Monday News Links – 01-12-2014


It’s a miserable Monday morning here in Southeastern, PA. Wintery mix is the worst, but fortunately, it’s converted pretty much all to rain. I don’t mind a few good snows for a season, but we’ve been fortunate, so far, that this winter isn’t shaping up like the last one. The French terrorist attacks were pretty much dominating the headlines last week, so these news links will include more off topic ones than normal:

Cars getting safer is going to become a problem for us. Even though the vast majority “gun deaths” are suicide, you can bet our opponents will play to the hilt when they can claim this is the “Number one cause of death in America!”

George Zimmerman needs to himself, and all of us a favor and check himself into a monastery.

The Mousqueton A.M.D. – France’s Mini-14.

More gun control in France? If what you do fails, just do the same thing only twice as hard.

Journalist, suddenly realizing they are targets of global jihad, debate the utility of concealed weapons.

I agree that this is shameful.

If Jews Flee, the Republic Will Be a Failure.” Well, you know, there have already been four failed French Republics.

A lot of anti-gun folks are saying a lot of stupid things about the late happenings in France.

Looks like there was some jury nullification in a case of felon-in-posession.

The military is rejecting Beretta’s M9A3, it’s attempt to kill the Army’s Modular Handgun Program. I’m not sure anyone has considered the possibility that this is paybacks from the Administration over Beretta’s defiant stance against gun control in the wake of Sandy Hook.

Walking a mile in the other guy’s shoes. More from Tim at Gun Nuts Media.

Every year a number of Pennsylvania legislators, mostly from Philadelphia, introduce nonsense legislation that they can take back to the constituents as proof that they are doing something. It’s not intended to go anywhere. This is among that type of legislation: “Bill in the PA House of Representatives: Ban human silhouette targets.

I don’t have cable, so I managed to finally watch the PBS Documentary on NRA on Roku. It was so filled with tired arguments and rehashed nonsense that to be honest, I don’t even really remember watching it. It was all old news, and it covered no new ground.

More fallout from Operation Chokepoint?

Fight terrorism. Shoot back!


4 thoughts on “Monday News Links – 01-12-2014”

  1. Re Beretta, personally I think it’s more about going back to a .40+ caliber pistol. And Beretta has come under fire for the bulk of the M9.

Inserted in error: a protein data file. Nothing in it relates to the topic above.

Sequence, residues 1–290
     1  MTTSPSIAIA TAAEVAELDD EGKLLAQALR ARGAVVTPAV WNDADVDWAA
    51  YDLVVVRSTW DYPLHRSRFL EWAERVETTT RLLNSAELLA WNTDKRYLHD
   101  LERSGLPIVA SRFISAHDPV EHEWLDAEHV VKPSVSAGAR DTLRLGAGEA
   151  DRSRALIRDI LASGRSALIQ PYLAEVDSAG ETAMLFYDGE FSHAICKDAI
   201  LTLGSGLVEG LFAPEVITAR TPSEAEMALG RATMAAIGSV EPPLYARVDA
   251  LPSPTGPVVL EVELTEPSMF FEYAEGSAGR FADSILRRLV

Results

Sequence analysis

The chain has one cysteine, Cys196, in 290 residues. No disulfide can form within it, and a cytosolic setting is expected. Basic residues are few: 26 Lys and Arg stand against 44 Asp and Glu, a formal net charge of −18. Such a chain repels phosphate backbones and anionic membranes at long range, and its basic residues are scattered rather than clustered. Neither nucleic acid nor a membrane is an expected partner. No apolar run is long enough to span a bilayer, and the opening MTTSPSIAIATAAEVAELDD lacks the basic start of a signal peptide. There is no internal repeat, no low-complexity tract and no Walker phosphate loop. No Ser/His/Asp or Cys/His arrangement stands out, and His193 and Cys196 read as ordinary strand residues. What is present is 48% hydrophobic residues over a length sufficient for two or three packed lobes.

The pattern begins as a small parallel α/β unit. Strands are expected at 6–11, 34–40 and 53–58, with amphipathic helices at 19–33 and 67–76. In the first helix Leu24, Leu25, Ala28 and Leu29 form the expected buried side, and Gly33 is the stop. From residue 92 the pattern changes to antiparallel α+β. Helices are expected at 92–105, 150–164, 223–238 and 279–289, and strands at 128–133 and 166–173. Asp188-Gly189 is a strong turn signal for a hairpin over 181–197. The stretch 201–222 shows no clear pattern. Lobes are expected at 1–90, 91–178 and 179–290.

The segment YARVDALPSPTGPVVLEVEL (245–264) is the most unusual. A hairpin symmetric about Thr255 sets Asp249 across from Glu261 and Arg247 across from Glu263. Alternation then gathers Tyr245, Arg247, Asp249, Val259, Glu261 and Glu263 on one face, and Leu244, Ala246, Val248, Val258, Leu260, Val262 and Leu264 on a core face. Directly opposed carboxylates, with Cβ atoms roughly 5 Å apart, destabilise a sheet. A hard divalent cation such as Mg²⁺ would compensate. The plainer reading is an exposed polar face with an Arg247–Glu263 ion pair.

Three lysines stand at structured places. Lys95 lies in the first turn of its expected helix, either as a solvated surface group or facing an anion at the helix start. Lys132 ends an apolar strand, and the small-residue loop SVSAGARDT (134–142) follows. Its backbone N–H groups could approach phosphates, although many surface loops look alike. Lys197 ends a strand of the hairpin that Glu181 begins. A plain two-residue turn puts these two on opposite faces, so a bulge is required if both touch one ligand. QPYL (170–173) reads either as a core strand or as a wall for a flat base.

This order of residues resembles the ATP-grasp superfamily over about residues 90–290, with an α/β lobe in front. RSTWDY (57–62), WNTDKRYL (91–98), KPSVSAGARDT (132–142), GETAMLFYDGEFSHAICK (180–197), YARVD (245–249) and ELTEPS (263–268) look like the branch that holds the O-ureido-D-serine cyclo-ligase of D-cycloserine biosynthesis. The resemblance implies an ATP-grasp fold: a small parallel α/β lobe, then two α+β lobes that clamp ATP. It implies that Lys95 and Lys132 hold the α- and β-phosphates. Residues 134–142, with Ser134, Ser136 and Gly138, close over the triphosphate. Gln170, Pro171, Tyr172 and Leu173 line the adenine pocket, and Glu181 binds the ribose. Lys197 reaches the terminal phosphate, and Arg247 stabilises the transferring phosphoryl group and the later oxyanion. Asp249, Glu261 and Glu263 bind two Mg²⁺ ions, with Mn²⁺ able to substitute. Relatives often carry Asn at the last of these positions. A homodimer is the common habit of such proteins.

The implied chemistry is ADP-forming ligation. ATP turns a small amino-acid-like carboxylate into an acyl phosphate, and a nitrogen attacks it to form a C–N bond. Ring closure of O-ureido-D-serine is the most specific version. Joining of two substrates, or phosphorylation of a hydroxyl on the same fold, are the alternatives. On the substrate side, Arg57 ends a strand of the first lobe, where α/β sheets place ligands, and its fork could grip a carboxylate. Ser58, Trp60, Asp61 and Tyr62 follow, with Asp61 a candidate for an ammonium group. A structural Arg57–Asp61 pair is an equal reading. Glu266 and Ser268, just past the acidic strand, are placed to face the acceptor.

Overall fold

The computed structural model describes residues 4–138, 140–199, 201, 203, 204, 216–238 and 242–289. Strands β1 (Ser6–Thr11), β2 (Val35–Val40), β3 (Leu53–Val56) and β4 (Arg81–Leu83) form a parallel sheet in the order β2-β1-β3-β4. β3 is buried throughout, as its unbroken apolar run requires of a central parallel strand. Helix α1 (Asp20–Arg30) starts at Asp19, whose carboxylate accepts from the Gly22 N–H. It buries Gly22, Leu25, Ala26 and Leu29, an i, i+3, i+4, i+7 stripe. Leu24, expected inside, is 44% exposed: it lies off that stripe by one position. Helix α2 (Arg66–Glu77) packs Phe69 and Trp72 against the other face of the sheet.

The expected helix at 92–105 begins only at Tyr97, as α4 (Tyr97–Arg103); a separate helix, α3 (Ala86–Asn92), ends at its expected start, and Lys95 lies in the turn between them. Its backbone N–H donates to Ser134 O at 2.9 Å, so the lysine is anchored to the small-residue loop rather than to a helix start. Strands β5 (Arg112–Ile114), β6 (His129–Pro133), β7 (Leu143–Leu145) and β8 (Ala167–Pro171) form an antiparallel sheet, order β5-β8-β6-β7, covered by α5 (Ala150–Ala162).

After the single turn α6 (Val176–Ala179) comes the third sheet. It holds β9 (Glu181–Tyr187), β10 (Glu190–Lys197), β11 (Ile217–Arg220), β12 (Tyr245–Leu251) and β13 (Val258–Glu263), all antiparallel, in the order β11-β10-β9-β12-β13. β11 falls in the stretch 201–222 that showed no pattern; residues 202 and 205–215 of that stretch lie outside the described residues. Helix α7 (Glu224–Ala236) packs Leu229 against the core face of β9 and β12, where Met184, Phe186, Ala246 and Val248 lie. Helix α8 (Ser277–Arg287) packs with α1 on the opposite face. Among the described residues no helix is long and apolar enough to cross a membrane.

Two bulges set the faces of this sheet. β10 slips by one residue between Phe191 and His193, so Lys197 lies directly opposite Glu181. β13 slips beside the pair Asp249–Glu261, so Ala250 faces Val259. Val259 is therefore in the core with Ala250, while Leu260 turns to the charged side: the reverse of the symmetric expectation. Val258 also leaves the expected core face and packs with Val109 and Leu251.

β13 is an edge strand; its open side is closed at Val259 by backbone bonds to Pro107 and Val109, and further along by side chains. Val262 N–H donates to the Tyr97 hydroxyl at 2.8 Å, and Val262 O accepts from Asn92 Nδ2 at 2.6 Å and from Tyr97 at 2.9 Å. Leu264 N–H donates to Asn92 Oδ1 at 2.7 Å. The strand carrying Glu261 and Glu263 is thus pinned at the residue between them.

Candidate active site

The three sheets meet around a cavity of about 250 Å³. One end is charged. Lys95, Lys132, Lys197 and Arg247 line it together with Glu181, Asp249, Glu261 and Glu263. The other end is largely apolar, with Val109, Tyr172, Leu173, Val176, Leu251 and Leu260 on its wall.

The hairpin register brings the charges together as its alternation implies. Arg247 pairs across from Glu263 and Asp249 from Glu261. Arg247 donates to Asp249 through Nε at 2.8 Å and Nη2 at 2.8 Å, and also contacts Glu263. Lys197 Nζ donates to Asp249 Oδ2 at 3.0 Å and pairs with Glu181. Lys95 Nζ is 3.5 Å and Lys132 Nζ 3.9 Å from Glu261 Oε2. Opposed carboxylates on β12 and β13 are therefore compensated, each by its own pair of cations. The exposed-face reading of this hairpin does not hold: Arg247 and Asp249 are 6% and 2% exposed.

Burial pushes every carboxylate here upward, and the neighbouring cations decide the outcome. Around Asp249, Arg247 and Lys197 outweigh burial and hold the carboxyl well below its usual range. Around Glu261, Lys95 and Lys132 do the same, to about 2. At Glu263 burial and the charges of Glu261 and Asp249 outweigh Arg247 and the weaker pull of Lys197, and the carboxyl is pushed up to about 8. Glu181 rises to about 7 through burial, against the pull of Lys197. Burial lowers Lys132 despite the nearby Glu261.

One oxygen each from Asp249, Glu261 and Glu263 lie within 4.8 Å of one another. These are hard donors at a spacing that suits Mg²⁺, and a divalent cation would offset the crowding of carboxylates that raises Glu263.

2. “Looks like there was some jury nullification in a case of felon-in-posession.” link goes nowhere…..

  3. The CDC statistics for deaths by “Motor vehicle (overall)/All Intents” run near 36600 for 2012. The statistics for death by “Motor vehicle (traffic)/All Intents” run near 34900 in 2012.

    Same statistics for deaths by “firearm/All Intents” run near 33500 for 2012.

    So the total numbers are close. I wouldn’t be surprised to find subcategories of population where the death-by-gunfire is higher than death-in-automobile.

    For most of the years between 2000 and 2007, the number of deaths in automobiles ran near 42000-per-year. In 2008, that number dropped to ~37000, and then dropped to ~33000 in 2009.

    Caveat: as Sebastian noted, separating “Intent” into categories for “Unintentional”, “Homicide and Legal Intervention”, “Suicide”, you quickly realize that deaths by gunfire are about 60% Suicide.

    Doing the same for “Transportation-related”, or the subcategories “Motor vehicle (overall)” / “Motor vehicle (traffic)”, and something like 98% of deaths are “Unintentional.”

    Another Caveat: That article focused on the age range of under-25.

    When I ask the CDC for leading causes of Injury Deaths in 2012, I see that Unintentional/MotorVehicle leads the 15-to-25 age range. Homicide-by-firearm is number 2, Suicide-by-firearm is number 3.

    If I add both numbers for firearm together, I see something marginally above the value for Unintentional/MotorVehicle.

    For other age ranges under 15, the numbers are much smaller. Motor-Vehicle-accident still leads most of the age ranges, except for the very young (under 5) where drowning or suffocation is the leading cause of death.

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